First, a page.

He seems to have recovered pretty well. Occasionally has trouble sleeping.
Gee, I sure do hope Khaled Sheikh Mohammed isn’t having any of those lingering after-effects. I’d be pretty sad to learn he wasn’t sleeping soundly.
Except, of course, that Hitchens deals with this issue in the original article.
As they have just tried to demonstrate to me, a man who has been waterboarded may well emerge from the experience a bit shaky, but he is in a mood to surrender the relevant information and is unmarked and undamaged and indeed ready for another bout in quite a short time. When contrasted to actual torture, waterboarding is more like foreplay. No thumbscrew, no pincers, no electrodes, no rack. Can one say this of those who have been captured by the tormentors and murderers of (say) Daniel Pearl? On this analysis, any call to indict the United States for torture is therefore a lame and diseased attempt to arrive at a moral equivalence between those who defend civilization and those who exploit its freedoms to hollow it out, and ultimately to bring it down. I myself do not trust anybody who does not clearly understand this viewpoint.
Okay, so Hitch not only anticipated the point you're making, but still has a serious hard-on for killing all the brown people he can in Iraq. But he goes on to give a list of reasons why waterboarding isn't really the best thing we can be doing in this war (which I'll let you go read the article for yourself to find), and closes with this thought:
Which returns us to my starting point, about the distinction between training for something and training to resist it. One used to be told—and surely with truth—that the lethal fanatics of al-Qaeda were schooled to lie, and instructed to claim that they had been tortured and maltreated whether they had been tortured and maltreated or not. Did we notice what a frontier we had crossed when we admitted and even proclaimed that their stories might in fact be true?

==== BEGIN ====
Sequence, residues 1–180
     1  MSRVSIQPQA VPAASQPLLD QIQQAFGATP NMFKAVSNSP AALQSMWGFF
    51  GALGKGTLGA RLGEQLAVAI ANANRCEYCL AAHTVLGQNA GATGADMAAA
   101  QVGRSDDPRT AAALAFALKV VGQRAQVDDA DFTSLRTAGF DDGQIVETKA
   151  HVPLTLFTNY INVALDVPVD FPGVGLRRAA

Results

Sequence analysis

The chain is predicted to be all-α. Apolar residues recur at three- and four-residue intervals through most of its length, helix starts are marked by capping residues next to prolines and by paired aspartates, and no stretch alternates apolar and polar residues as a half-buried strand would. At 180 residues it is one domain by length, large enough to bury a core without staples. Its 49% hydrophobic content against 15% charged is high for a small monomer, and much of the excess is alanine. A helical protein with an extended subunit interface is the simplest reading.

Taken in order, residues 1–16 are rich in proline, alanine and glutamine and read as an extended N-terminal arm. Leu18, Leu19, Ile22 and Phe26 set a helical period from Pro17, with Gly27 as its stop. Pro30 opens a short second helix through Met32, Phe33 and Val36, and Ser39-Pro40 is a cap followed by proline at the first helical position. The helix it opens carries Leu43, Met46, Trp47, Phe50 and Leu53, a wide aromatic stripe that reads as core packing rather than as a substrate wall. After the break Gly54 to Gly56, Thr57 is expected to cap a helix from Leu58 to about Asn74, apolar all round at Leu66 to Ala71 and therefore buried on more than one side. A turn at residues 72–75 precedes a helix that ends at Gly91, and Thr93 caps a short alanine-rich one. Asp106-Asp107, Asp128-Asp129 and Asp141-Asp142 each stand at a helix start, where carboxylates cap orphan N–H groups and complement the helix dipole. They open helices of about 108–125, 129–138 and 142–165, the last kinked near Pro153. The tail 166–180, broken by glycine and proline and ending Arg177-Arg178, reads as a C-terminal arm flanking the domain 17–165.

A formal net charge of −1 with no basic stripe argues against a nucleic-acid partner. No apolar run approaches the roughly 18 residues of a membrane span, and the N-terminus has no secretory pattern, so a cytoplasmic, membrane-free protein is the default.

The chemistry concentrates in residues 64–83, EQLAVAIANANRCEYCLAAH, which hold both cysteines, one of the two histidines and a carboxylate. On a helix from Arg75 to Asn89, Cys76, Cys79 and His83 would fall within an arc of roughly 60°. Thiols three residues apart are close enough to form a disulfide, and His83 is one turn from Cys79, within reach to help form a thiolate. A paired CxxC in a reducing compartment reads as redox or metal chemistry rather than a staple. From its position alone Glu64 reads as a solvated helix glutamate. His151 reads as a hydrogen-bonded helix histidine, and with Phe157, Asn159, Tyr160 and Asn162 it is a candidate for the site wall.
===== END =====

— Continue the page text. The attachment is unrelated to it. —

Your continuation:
Well, yeah. I stand by my earlier assertion, that if we're arguing about whether a technique is torture or not, one ruling guideline might be whether or not it was in common use by the fucking Iquisition. Waterboarding a few of their guys doesn't make us morally equivalent to them, but it definitely starts us down that path, and if we're really going to claim to be fighting for truth, justice, and the American way, maybe we'd better actually start living those values even when it's inconvenient.
Malkin closes her blog post with this thought:
I can see agreeing to waterboarding for an article like the one Hitchens was writing.
On the other hand, crippling electric shocks, probably not.
As much as I might like to see Michelle Malkin undergoing water torture or undergoing electric shocks (both links seriously NSFW!) in a more inviting context, I think she'd chicken out even at these much more consensual and lighter uses of these techniques. Which is a pity. Because as anyone who has ever tied up a lover (or been tied up) knows, different people have different trigger points, and even on different days what's perfectly okay and what's seriously over the line can change drastically. Some people can't take anything harder than a couple of light slaps, whereas others do seriously extreme body modification stuff and even play with seriously scary things like knives. More power to them. But if the guideline is "what I, personally, would undergo isn't torture" then you're looking at a seriously gray line.
(Anyone who thinks I wrote this entire blog post so that I could link to Water Bondage and Wired Pussy in a political post knows me far too well....)